Don't confuse 'first frosts' with domestic freezers!

Discuss sloe gin recipes - and all those secret family variations! Post your questions and replies here if they are about sloes and gin

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Blackthorn
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Posts: 221
Joined: 14 Mar 2004, 04:47
Location: Cordoba Spain (ex Cheltenham)

Don't confuse 'first frosts' with domestic freezers!

Post by Blackthorn » 02 Sep 2006, 16:34

Don't confuse 'first frosts' with domestic freezers!

Leaving the sloes on the bush until 'after the first frosts' is in my opinion entirely about allowing full ripening, and has nothing to do with any other so-called benefits of freezing!

I prefer to pick/prick/bottle all on the same day, and then relax.

If you still want to freeze, simply search sloe.biz for others' opinions on freezing.
"There's no biz like sloe.biz"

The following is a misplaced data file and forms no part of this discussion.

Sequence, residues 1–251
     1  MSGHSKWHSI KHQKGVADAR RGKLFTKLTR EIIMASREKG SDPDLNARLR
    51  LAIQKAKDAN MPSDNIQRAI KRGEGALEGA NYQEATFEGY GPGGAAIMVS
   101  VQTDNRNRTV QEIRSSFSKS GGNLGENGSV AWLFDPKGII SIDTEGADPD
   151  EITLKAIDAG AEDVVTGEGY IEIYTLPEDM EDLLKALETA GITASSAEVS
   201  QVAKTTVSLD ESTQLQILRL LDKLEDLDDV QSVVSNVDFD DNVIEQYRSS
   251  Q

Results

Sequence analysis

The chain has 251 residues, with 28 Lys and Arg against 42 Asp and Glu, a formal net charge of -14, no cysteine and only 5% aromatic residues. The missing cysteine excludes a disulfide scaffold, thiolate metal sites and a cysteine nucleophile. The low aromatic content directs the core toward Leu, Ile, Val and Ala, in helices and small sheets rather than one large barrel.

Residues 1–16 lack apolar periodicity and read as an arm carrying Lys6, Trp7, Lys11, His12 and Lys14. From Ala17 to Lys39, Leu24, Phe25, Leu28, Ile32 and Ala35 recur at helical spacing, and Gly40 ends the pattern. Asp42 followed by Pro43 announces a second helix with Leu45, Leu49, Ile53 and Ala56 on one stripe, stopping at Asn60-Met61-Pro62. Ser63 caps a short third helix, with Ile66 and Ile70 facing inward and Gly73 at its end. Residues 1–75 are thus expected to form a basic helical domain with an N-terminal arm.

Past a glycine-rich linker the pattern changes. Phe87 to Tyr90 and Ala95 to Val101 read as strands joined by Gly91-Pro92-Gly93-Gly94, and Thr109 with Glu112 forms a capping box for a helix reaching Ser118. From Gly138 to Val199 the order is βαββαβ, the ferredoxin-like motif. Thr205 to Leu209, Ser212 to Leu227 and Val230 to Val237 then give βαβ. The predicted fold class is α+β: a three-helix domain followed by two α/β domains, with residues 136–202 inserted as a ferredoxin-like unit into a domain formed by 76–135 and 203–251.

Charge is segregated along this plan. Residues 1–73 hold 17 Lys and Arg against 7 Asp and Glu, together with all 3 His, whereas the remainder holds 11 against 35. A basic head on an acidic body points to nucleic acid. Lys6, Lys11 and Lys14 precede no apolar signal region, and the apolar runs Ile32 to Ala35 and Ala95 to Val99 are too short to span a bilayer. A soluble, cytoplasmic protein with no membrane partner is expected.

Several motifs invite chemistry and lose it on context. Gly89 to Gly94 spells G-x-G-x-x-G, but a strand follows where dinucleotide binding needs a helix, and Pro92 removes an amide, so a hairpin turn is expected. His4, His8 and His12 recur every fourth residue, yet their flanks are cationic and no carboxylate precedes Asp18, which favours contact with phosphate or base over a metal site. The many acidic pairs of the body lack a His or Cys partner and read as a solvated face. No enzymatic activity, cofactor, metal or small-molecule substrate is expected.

sandy130674
Posts: 37
Joined: 12 Aug 2006, 17:59
Location: Maldon, Essex

Post by sandy130674 » 03 Sep 2006, 17:43

The full ripeness of a sloe berry is dependent on the cumulative number of growing degree days (GDD) from the pollination of the Blackthorn flower. The exceptionally warm June and July months has resulted in a high GDD figure so far this year, so that in most parts of England the sloe crop is at least two weeks ahead of schedule.

With increasing average Summer temperatures over the last 20 years, the old saying that wou must wait until the first frost to ensure full ripeness is becoming irrelevent in my opinion. First frosts have in recent years become so late that in the SE of England you'll be extremely lucky to find any left. With the climate changing, don't rely on the first frost. After all, warm days and mild nights ripen sloes, frosts do not.

Blackthorn
Site Admin
Posts: 221
Joined: 14 Mar 2004, 04:47
Location: Cordoba Spain (ex Cheltenham)

Post by Blackthorn » 03 Sep 2006, 21:16

sandy130674 wrote: ... After all, warm days and mild nights ripen sloes, frosts do not.
That's precisely my point. Don't think that by putting early unripe sloes in a freezer you will gain any shortcut to ripeness or flavour.

Harvesting later, rather than sooner, will usually ensure riper fruit. Frost itself is not important to sloes intended for your sloe gin - but by picking later rather than earlier you will definitely have riper and tastier fruit.
"There's no biz like sloe.biz"

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